1945Death Comes as the EndDodd, Mead & Co, NY, 1945First edition. Date on the title & copyright page matches. No statement of later printings. Blue cloth lettered in black. Price $2.00.
1945Death Comes as the EndWilliam Collins & Sons, London, [1945]First English edition. "1945" on single line stated on the copyright page. No statement of later printings. Red cloth lettered in black. Price 7/6.

Note about Book Club Editions (BCE) and reprints:

UK: You can see statements of later reprint dates or of book club on the copyright page.

US: The US reprint publishers usually use the same sheets as the first edition and are harder to identify by looking at the title page or the copyright page. One may identify a BCE by looking at the DJ, which doesn’t have a price on top of the front flap and a “Book Club Edition” imprint at the bottom. If the dust jacked is clipped at both the top/bottom of the front flap. You can safely assume it’s a BCE . If the book is missing the dust jacket. Later BCE editions can be identified by its plain boards, while first printings are issued in quarter cloth.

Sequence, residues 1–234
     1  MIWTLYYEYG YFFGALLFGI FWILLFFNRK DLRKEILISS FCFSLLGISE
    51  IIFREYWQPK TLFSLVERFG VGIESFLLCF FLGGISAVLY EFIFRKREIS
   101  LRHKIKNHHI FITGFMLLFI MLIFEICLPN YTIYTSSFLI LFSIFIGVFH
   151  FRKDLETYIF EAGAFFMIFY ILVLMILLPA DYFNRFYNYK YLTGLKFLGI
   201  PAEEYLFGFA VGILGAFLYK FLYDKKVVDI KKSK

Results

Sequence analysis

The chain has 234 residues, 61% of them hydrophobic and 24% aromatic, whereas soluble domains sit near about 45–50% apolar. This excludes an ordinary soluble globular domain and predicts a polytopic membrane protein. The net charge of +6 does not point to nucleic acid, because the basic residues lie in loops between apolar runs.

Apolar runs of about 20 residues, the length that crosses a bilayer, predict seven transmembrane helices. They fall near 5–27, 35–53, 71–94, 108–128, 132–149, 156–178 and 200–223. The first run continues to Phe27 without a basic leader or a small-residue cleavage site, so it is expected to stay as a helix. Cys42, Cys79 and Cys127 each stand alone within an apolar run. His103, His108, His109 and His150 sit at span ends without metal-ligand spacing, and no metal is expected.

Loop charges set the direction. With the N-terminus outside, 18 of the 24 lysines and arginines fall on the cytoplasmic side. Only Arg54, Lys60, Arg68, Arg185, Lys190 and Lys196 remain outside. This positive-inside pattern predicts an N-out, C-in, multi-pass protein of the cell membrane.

Please refer to the gallery for detailed images of true first edition bindings and dust jackets.

Death Comes as the End – First Edition Dust Jacket Identification Guide

First edition bindings and various dust jacket printings identification.